Friday, February 13, 2009

Twist, Turns and Tibial Torsion

Twists and turns occur in nature, sometimes with great beauty, as in this nautilus shell:

The nautilus shell is an example of a logarithmic spiral, a spiral curve whose shape is unaltered with each successive curve. The logarithmic spiral was first described by Descartes and later extensively investigated by Jakob Bernoulli, who called it Spira mirabilis, "the marvelous spiral". Possibly as a result of this unique property, the spira mirabilis has evolved in nature, appearing in certain growing forms such as nautilus shells and sunflower heads. (Wikipedia).

Twists and turns can also occur in the human body. The cochlea of the ear is spiral-shaped. Spiral shapes can also be pathologic— spiral electrical waves have been linked to cardiac arrhythmias, and pathologic twists of the intestine can be life-threatening.

Pathologic twists are sometimes referred to as "torsion", as in intestinal torsion, testicular torsion, and ovarian torsion. The word "torsion" comes from the Latin and old French, meaning "wringing pain in the bowels, and "to twist".

In the musculoskeletal realm, one can encounter tibial torsion, defined as the degree of twisting between the proximal and distal articular surfaces of the tibia. There is a normal, physiologic amount of tibial torsion, but when it is excessive, tibial torsion is harmful.

Excessive tibial torsion is usually a disease of childhood, but on occasion one can encounter excessive tibial torsion in adulthood as well.

Tibial torsion can be measured using the cross-sectional imaging techniques of MRI and CT. Conventional radiographs are less reliable and reproducible than MRI and CT. There is no general consensus on where exactly to draw the reference lines used to calculate the tibial torsion angle, but one reasonable method is illustrated here:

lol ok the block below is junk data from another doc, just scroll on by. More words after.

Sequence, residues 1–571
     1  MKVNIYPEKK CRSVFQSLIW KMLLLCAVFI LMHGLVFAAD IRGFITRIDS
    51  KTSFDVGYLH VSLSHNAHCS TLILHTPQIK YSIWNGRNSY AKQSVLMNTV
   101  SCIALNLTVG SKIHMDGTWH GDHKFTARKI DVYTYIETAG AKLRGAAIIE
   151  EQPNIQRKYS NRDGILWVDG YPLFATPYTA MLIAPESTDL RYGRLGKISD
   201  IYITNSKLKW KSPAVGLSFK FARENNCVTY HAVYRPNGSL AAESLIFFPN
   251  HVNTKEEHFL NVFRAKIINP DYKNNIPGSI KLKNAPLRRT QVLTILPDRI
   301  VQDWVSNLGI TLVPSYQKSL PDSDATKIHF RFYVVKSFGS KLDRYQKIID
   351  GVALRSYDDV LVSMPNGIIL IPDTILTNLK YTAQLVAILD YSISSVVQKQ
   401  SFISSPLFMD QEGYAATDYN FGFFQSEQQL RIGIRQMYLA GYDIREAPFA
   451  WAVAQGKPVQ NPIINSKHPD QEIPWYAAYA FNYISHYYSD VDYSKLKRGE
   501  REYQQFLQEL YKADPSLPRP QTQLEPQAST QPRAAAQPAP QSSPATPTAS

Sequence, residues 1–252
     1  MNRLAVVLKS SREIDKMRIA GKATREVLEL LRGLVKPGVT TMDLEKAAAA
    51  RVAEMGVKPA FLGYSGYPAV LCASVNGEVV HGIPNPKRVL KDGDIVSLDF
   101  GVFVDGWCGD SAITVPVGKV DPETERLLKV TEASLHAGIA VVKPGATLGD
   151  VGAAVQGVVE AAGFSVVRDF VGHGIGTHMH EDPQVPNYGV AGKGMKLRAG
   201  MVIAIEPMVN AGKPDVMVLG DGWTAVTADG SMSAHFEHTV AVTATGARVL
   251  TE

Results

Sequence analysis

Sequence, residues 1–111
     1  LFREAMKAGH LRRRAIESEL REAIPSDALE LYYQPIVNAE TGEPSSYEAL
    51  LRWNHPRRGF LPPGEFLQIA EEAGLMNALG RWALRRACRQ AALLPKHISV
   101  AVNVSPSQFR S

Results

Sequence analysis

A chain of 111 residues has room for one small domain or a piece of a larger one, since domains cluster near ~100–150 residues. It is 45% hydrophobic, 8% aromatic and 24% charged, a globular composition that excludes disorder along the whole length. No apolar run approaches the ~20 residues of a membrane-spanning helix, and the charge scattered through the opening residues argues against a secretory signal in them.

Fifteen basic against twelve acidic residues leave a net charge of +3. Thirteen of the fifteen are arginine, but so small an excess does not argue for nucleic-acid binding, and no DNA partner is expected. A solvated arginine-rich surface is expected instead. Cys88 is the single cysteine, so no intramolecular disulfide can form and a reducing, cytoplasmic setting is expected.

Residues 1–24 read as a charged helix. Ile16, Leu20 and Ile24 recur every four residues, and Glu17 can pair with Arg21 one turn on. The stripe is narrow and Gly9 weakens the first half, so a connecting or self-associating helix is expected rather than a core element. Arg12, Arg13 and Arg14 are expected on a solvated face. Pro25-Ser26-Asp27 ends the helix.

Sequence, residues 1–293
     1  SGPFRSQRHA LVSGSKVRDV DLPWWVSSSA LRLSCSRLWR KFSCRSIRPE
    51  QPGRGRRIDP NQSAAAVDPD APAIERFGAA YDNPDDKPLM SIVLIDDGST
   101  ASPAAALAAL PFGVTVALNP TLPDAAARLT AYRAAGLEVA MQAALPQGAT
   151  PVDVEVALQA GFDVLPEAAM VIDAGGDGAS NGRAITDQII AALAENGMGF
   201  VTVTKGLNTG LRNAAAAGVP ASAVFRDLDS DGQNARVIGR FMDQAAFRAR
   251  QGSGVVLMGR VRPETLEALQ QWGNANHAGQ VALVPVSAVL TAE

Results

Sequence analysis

(A) Transverse CT section through proximal tibia, just below proximal articular surface. A line is drawn bisecting the tibia. (B) Transverse CT section through distal tibia, just above distal articular surface. A line is drawn bisecting the tibia. (C) The angle between these two lines is calculated.

There are ethnic and gender differences in the tibial torsion angle, with reports studying Caucasians reporting values centered at 30-35 degrees, while studies of Japanese and Indian subjects reporting values centered at 22-24 degrees.

In the patient depicted above, the tibial torsion angle in the right leg was 56 degrees. The contralateral limb had a tibial torsion angle of 31 degrees (normal).

The abnormally high angle in the symptomatic limb was due to a tibial fracture which healed with rotation:

Although tibial torsion is typically measured on CT, one can obtain this angle using MRI as well, as long as the proximal and distal tibia are imaged in the axial plane on the same study.

Further information on the measurement of tibial torsion can be found in a nice paper by Mullaji et al. (IJO 43:309-313, 2008).

Vic David MD

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